Several companies, including Oracle, our largest position, exceeded our expectations when they reported earnings in the second quarter. A few, including Fossil, reported results that disappointed Wall Street (but were consistent with our expectations). Most of our companies performed as we expected. From an earnings perspective, the post-Brexit external environment overall is more challenging than it was pre-Brexit. Despite a more challenging macro environment, we expect our companies to grow their values in 2016. While we can never predict the timing of returns, growing values and deeper discounts lower risk by increasing our margin of safety. Our long-term prospects are promising as values continue to grow and discounts are materially deeper than they were a couple of years ago. Keep reading for more detail.
As evidenced by extremely low government bond yields, strong results from defensive sectors such as utilities, and very high valuation levels for other defensive sectors such as consumer staples and REIT’s, investors are paying a lot for “less risky” assets. Ironically, the high prices being paid for those assets make them very risky indeed. Their prices can keep going higher in the short run. The 10-year U.S. Treasury yield has declined from 2.27% at the beginning of the year to 1.47%, its biggest rally in six years. With the Federal Reserve targeting a 2% inflation rate, investors in U.S. Treasuries are locking in a negative real return of roughly half of 1% over the next ten years. It could be a lot worse if inflation overshoots on the upside. Investors in UK 10-year gilts are getting less than 1%, and German, Japanese, and Swiss investors in government bonds are accepting negative nominal interest rates. As this letter is being written, $11.7 trillion dollars of sovereign developed world debt has a negative yield.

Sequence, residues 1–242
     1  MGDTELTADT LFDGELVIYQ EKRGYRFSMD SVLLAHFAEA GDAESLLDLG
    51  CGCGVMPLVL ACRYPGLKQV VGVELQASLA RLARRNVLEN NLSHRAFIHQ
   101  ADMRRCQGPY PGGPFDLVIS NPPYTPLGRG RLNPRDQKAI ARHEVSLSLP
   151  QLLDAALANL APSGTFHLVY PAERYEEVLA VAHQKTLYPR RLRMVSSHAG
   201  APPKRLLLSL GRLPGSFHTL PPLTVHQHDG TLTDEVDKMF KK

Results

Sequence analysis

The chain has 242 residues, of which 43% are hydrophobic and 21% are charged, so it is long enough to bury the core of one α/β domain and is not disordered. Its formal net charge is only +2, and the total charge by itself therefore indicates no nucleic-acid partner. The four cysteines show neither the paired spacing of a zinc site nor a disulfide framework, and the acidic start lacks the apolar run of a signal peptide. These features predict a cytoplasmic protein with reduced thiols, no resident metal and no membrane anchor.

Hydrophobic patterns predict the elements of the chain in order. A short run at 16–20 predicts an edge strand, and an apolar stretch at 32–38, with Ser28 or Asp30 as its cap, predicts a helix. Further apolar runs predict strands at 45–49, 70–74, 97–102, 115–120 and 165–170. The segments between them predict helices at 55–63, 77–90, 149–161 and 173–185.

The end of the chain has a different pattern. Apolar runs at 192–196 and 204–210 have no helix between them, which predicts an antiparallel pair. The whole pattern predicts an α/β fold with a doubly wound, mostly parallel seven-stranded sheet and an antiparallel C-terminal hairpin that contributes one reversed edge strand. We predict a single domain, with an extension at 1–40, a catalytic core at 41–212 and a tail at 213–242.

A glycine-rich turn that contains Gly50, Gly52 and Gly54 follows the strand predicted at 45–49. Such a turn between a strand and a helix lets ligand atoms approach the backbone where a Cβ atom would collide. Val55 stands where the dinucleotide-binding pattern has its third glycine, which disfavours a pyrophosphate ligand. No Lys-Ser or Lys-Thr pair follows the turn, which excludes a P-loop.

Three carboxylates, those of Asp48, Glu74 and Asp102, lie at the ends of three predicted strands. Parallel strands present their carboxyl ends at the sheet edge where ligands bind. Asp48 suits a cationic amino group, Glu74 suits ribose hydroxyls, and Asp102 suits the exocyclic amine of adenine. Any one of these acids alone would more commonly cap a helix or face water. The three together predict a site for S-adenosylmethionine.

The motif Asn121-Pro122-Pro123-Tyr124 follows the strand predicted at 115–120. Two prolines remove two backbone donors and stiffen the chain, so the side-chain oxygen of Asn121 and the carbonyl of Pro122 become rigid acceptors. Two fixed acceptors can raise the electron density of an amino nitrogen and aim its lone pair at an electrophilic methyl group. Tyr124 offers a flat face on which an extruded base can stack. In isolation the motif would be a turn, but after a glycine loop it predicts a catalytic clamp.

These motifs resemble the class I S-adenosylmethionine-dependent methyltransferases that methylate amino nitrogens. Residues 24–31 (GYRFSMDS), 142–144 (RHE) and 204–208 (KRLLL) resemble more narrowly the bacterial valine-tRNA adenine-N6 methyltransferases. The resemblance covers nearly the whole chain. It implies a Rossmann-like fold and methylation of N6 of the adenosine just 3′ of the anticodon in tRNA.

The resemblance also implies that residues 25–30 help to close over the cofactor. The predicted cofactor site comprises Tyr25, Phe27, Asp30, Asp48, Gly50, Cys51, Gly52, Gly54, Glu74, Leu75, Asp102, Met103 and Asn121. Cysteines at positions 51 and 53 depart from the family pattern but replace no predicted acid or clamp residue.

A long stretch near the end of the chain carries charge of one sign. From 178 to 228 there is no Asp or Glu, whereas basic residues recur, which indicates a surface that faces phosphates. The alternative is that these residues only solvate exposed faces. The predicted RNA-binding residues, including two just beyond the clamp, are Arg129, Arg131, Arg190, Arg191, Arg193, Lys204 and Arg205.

To repeat, investors in much of the developed world are accepting negative absolute and real returns. They are paying the government to take their money. These statements sound crazy and they are. We have become accustomed to these unprecedented times, so it bears noting that these conditions are crazy and we believe it will end very badly. What rational investor would accept a guaranteed negative return for ten years or for fifty years in Switzerland? Investors placing trillions in yen, euros, Swiss francs and U.S. dollars are doing just that. We are not among them.
In contrast, we own the “risky” assets including financials, technology stocks, U.S. dollar exposed industrials, and more recently, UK based businesses. These “risky” companies sell for extremely compelling valuation levels, especially compared to the prices paid for “less risky” assets. They produce ample free cash flow, which is being used to repurchase discounted shares, pay dividends, and occasionally to make acquisitions. This free cash flow belongs to us as shareholders, and it is being returned to us in one form or another in an intelligent way by our companies’ outstanding management teams. (As an example, please see the following discussion on Oracle in the Large Cap review.) In addition, our companies’ pricing power will serve us very well when inflation inevitably returns. Investors in “less risky” fixed-rate government bonds will see dramatic losses from their “risk free” bonds.
In the short run, the market does not like what we own. Our prices overall are down while “less risky” assets have delivered strong returns. Our values, however, are rising. Consequently, our price to value ratios are improving, which lowers risk and improves our long-term prospective returns. In fact, our price to value ratios have improved roughly 10 points across all strategies (except Small Cap, which has improved 5 points) over the last couple of years. This improvement has occurred despite a lackluster global economy and a strong U.S. dollar. Given this steady improvement and the margin of safety we enjoy, we would much rather own our portfolios than the overvalued “less risky” assets that are working in